In Rep v Micock and Anor SCSC 322 (4th April 2017) the court had this to say:-
“the youth of Seychelles is being poisoned by drugs seemingly readily available brought by scrupulous persons. They have no regard for the overwhelming consequences of their acts. Their greed at the expense of the effects of their trade, including a lost youth and work force, the toll on Seychelles and the tax payers to treat and rehabilitate drugs abusers, the cost of education programmes for the prevention of drugs abuse, and efforts to intercept and prevent the trafficking and importation of drugs and prevent abuse is lost on them. They are oblivious to the pain and havoc they wreck on individual families and the community.”
 These words, encapsulate the seriousness of the offence of which the accused has been convicted when considered in a wider perspective, and therefore, the sentence to be imposed should reflect public abhorrence to offences of this nature which calls for tougher sentences. I am, however, reminded of the case of Rep v Rasie 1975 (4) SA 855 A, in which case the court stated the following:
“punishment should fit the criminal as well as the crime, be fair to society, and be blended with a measure of mercy according to the circumstances.”
 Locals and foreigners alike, should not allow themselves to be misled into the mistaken belief that, this country, known to be a small jurisdiction, is a soft target for the illegal drugs trade. To the contrary, they must always bear in mind that the moment they venture into the illegal drugs trade in this country, they effectively step on a minefield at their own peril, with potentially disastrous long term consequences.
 Having said that, members of the general public should also not be mistaken into believing, that the court would simply pluck out of the air a sentence to satisfy public sentiments over the drugs issue, without thoroughly consider all the relevant factors to come to a just and fair sentence. The question of imposing a sentence is a matter of discretion to be exercised by the court in consideration of the aggravating and mitigating factors in the individual cases. The approach, is that a reasonable proportion has to be maintained between the seriousness of the offence or the crime, and the punishment.
The relevant sentencing legislation, guidelines and case law.
 The maximum penalty which this court can impose on an accused convicted of a single count of importation of a Class A controlled drug, Heroin, is prescribed under Section 5 of the Misuse of Drugs Act, 2016 read with the Second Schedule of the Act. Section 5 reads:
“a person who imports or exports a controlled drug in contravention of this Act commits an offence and is liable on conviction to the penalty specified in the Second Schedule.”
The maximum penalty specified in the Second Schedule of the Misuse of Drugs Act, 2016 is a term of life imprisonment and a fine of up to Seychelles Rupees one million.
 It is, perhaps, worth mentioning, that the minimum mandatory sentences under the Misuse of Drugs Act, 2016 (“MODA”) Act 5 of 16, have been done away with and replaced by indicative minimum sentences prescribed for offences which are aggravated in nature. For example, Section 7(4) of MODA refers to aggravated factors depending on the weight in a trafficking offence of over 250 grams of a controlled drug. Furthermore, in respect of the instant case, regards should also be made to Section 48 of MODA which considers the degree of commercial element as an aggravating factor. As such, the indicative minimum sentence as required under Section 47(5) of MODA has to be given due regard. Clearly, therefore, the offence of which the accused has been charged and convicted, is aggravated in nature as the quantity of the purity of the controlled drug he imported into this country is over 250 grams, and as per the sentencing guidelines, the appropriate sentence should be within the range of 12 to 15 years imprisonment.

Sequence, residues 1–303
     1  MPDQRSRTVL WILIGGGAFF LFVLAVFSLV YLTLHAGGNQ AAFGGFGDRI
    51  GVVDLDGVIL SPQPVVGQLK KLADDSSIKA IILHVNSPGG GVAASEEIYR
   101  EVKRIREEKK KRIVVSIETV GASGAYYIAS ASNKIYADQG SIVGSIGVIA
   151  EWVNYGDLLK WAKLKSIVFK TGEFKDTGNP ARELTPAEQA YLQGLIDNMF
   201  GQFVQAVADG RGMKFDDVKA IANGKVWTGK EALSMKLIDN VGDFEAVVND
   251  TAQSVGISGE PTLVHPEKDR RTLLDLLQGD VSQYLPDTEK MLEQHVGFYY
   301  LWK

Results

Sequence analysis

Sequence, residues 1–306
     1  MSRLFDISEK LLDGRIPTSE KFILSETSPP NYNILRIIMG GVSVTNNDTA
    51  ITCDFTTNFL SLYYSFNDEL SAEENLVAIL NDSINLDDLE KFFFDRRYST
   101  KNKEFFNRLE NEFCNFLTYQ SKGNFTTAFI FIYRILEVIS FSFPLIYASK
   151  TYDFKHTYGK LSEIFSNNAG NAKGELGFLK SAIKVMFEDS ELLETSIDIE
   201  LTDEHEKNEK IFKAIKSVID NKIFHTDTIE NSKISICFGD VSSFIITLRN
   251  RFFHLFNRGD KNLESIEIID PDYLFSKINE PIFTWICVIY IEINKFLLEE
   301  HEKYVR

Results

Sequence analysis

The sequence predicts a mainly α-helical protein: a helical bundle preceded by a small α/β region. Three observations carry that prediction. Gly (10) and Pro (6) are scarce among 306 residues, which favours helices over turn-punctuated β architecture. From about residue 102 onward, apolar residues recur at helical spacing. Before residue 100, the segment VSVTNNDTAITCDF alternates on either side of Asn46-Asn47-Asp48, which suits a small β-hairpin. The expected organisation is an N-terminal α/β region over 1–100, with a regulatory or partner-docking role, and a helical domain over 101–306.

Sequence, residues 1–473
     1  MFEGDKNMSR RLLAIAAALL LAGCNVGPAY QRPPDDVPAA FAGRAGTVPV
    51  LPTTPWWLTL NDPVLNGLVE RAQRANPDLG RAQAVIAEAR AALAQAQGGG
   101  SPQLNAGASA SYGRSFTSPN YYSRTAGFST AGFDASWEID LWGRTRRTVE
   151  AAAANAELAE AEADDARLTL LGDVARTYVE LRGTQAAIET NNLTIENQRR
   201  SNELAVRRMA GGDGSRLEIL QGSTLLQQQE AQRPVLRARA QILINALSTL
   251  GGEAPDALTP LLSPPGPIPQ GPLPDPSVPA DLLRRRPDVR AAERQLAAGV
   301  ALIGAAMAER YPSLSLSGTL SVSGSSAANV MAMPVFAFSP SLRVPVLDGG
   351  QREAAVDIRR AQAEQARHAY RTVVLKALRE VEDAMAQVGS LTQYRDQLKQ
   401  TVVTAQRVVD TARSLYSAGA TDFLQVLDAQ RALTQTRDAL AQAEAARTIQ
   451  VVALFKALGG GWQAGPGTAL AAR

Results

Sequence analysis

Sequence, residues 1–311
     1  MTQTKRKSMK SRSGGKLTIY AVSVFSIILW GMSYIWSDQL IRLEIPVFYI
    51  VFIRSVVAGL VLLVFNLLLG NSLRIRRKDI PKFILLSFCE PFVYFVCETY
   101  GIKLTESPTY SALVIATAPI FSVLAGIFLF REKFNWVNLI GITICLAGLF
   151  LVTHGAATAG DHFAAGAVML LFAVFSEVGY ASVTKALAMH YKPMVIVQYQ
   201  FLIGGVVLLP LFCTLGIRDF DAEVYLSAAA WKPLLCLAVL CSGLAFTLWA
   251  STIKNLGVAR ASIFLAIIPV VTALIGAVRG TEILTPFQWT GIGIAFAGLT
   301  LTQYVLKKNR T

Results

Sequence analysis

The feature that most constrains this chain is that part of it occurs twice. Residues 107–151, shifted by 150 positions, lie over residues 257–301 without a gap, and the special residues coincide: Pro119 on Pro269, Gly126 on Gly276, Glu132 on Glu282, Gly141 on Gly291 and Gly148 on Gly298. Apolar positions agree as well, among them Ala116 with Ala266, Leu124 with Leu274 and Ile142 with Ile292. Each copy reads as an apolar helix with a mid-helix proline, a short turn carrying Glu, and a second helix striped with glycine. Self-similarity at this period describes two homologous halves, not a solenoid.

Taking into consideration learned counsel’s submission in plea mitigation as a whole, it is conceded, that a guilty plea taken at the first available reasonable opportunity, warrants a reduction in sentencing because of the benefits it brings about as correctly elaborated by learned defence counsel in his submission. In this respect, in my considered opinion, in the meting out the appropriate sentence, the court needs to conduct a balancing exercise between the mitigating and the aggravating factors in this case.
 I have taken a myriad of competing factors into account in deciding the appropriate sentence that will do justice in this case. I have, in doing so, taken into account the salient aspects of learned defence counsel’s submission in plea mitigation which are in favour of the accused, now a convict, and have given him the credit he deserves. I have also considered the relevant aspects of the pre-sentence Probation Report.
 I have further had sight of the relevant case law authorities to familiarize myself with the pattern of sentencing in cases of this nature in the light of the recommended sentences. In the case of the Republic v Jakari Suki, SCSC 142 SL 34/2018, the accused was convicted for one count of importation of a controlled drug heroin (diamorphine) with a net weight of 942.2 grams of illicit heroin and one count of 244.4 grams of cocaine, net weight with purities of 523.7 grams of heroin and 151.4 grams of cocaine. The accused was sentenced to 15 years for count one in respect of the importation of heroin and 8 years on count two in respect of the importation of cocaine, which sentences took effect concurrently, and were upheld by the Court of Appeal.
 I therefore sentence the convict to serve a term of imprisonment of 10 years for the single count of importation of a controlled drugs, Heroin. The time which the convict has spent on remand shall be deducted from her 10 years term of imprisonment. Given that the accused, now a convict has been sentenced to serve a long term of imprisonment for an offence committed in contravention of the provisions of the Misuse of Drugs Act 2016, with aggravated nature, Section 30 (2) (b) of the Prison Act, Cap 180, shall be invoked, in that, she shall not be entitled to remission for good behaviour.
 The accused, now a convict who has been sentenced, is informed that he has thirty (30) days from today to appeal against this sentence.
Signed, dated and delivered at Ile du Port 21st July 2022.